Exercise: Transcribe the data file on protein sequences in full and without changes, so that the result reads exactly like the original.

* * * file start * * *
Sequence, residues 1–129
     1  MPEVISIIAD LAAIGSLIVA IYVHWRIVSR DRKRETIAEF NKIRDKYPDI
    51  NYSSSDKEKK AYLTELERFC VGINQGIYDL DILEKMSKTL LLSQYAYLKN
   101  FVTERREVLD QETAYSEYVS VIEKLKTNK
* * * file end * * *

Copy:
Sequence, residues 1–129
     1  MPEVISIIAD LAAIGSLIVA IYVHWRIVSR DRKRETIAEF NKIRDKYPDI
    51  NYSSSDKEKK AYLTELERFC VGINQGIYDL DILEKMSKTL LLSQYAYLKN
   101  FVTERREVLD QETAYSEYVS VIEKLKTNK